1860: "New-Year's Gifts: The Toyshop", by Mason Jackson [image info]
The Brighton Toy and Model Index
The Brighton Toy and Model Index is a regularly-updated knowledgebase for toys and models, and the general and social history of modelmaking and toymaking across the UK and Europe, from the industrial revolution to the middle of the Twentieth Century.
As of January 2022, the Index currently holds over nine thousand pages and over ten thousand photographs and archive scans.
The main editing activity during the first half of 2022 will be expanding and reorganising the Dinky Toys section, in preparation for the appearance of the David Hatley Collection of early Dinky in ~mid-2022. While this reorganisation is underway, there will be some dead links, out-of-order listings and other oddnesses visible across the Dinky-related pages.
Although this encyclopaedia is powered by the same software that runs Wikipedia and (like Wikipedia), is a continually-growing "work in progress", editing is reserved for authorised Museum personnel.
The Early Toy Record
- The early history of toys provides a unique historical record of not only social and technological progress, but also of the collective psyche. Long before modern precision injection moulding and computer-generated tooling, early toys, made using comparatively crude processes, were by necessity highly impressionistic and somewhat abstract.
- The early "tinplate wranglers" were not just craftsman and engineers, but artists, striving to distil out the essential feel, identity and character of the originals in objects that might sometimes only have had a passing resemblance to their true proportions and shape. Early toy design was to some extent a form of three-dimensional cartooning or caricature, focussing on and emphasising a thing’s key identifying elements and discarding “unimportant” detail, the result being a slightly surreal and "dreamlike" record not of a thing’s physical shape, but of how it was understood and remembered.
- The result is a very human record of how humans saw, perceived and felt towards their surroundings through the period.
The Model Record
- In contrast, the history of models provides a more technical and exact record of buildings, styles and (in the case of model engineering) machinery and vehicles from other times. With past modelmakers having acted as "curators" in deciding what was and wasn’t worth recording in model form, old models provide a contemporary record of real life in miniature, allowing us to assemble, for instance, a tiny transport museum showing the breadth of designs across the early British car industry, within the volume of a small room. Static and working models capture details that might not be present in plans or photographs, such as the look of an oiled piston-rod, or actual colours that cannot be reliably determined from early colour photography or black-and-white images.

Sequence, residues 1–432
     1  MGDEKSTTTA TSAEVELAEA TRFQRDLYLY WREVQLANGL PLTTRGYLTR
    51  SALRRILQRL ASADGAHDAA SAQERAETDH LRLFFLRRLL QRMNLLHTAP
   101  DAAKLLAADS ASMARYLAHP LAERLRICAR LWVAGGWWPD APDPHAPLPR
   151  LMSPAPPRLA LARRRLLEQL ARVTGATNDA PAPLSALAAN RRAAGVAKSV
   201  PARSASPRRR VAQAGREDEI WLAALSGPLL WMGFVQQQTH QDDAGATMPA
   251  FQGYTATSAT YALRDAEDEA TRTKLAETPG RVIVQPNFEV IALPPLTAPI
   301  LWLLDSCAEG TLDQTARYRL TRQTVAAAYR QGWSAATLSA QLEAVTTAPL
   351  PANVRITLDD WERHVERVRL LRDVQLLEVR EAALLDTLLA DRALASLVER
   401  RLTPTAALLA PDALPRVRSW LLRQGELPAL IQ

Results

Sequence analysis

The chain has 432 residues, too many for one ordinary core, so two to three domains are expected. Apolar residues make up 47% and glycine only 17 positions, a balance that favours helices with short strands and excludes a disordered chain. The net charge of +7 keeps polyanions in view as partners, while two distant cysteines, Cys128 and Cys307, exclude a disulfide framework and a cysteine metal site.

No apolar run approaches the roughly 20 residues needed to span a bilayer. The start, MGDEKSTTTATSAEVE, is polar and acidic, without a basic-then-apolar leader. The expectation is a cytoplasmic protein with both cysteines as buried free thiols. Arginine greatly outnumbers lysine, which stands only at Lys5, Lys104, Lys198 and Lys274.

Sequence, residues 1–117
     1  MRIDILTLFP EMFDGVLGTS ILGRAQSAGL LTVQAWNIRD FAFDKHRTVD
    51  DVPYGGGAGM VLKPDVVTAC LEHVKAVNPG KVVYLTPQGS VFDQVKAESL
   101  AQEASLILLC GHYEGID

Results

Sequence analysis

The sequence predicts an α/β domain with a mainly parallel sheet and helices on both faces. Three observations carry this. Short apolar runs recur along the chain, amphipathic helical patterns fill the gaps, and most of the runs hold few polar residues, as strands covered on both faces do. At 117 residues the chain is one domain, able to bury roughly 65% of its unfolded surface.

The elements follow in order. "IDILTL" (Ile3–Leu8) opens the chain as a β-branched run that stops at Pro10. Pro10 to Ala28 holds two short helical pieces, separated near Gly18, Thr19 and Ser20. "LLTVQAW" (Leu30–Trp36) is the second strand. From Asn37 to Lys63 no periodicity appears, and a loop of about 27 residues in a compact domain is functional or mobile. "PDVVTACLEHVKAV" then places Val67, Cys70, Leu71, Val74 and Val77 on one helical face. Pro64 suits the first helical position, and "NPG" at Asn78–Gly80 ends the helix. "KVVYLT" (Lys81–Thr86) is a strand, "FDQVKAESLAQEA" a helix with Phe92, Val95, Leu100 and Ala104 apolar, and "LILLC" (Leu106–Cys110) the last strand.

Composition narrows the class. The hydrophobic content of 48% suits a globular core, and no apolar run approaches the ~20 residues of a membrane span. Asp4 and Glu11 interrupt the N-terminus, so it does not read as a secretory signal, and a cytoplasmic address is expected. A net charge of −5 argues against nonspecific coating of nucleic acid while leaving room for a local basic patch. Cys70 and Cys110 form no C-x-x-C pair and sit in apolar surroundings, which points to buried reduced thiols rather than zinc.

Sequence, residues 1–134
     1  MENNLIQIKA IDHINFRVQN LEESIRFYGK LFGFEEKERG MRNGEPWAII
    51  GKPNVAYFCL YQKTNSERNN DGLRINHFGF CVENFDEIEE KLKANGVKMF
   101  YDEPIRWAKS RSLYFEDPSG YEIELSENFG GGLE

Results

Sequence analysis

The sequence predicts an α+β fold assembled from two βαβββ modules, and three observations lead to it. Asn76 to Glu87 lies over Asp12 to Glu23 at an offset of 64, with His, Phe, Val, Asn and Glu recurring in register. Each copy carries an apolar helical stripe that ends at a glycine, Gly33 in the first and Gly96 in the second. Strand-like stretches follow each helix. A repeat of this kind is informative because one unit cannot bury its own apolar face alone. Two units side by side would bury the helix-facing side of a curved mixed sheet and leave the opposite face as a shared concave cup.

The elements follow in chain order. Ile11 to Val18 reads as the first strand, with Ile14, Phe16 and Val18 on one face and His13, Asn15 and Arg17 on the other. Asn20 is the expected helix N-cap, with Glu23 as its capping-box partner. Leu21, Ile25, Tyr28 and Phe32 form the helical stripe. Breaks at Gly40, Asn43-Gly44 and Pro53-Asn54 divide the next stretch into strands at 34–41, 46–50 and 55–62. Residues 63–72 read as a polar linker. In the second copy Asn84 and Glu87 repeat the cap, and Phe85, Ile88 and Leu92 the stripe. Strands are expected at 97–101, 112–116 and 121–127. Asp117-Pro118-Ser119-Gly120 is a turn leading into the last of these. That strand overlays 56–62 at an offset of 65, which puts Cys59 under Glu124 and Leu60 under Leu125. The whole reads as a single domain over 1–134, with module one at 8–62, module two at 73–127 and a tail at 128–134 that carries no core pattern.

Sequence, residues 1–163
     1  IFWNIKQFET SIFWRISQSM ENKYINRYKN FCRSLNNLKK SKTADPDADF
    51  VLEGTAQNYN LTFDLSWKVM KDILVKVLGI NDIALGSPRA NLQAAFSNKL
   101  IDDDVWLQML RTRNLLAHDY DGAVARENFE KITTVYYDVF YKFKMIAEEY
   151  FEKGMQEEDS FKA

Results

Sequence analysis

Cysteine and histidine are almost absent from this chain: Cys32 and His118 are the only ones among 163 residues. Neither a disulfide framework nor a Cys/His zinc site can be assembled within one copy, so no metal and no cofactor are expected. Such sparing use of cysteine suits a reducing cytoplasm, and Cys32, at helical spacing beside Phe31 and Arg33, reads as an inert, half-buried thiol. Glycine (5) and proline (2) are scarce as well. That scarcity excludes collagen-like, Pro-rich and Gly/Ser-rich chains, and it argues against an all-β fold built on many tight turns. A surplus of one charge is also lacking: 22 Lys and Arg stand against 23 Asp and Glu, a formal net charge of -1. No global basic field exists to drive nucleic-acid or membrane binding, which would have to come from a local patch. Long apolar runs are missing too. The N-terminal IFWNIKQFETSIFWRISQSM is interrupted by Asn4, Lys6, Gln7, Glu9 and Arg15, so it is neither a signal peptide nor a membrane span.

Significant Updates and Additions:
- Cox – US-built model petrol engines, cars and planes, and electric slotcars (1940s-)
- Circuit 24 – Meccano Ltd's French-made slotcar system, big in France (1962-)
- AMT – AMT of Troy, Michigan, plastic model car kits and slotcars (~1948-)
- Lego – The early products of the Lego company, Denmark, including the company's original wooden toys (1932-)
- Scalextric – Britain's most famous slotcar system (1957-)
- Site software updates and improvements – the site may be intermittently offline or odd-looking, as we tinker with it
- Pullman – a "push" on expanding our information on everything Pullman-related – trains, cars, Brighton Belle, etc
- Bowman Models – a significant amount of new material added. Section on boats to be added later.
Global Visitor Map for the website (October 2018) [image info]
Some major manufacturers:
Bassett-Lowke Bing Britains Lines Brothers (Tri-ang) Märklin Meccano Ltd (Hornby Trains, Dinky Toys) Steiff
Other manufacturers and brands
Sections recently or currently being expanded...
Some popular pages
Visiting Brighton and Hove
Brighton - More pages about relevant Brighton-related subjects. The museum is an official Brighton Tourist Information Point, and supplies free maps to visitors, courtesy of VisitBrighton
For authorised editors, the style guidelines are laid out on an example page.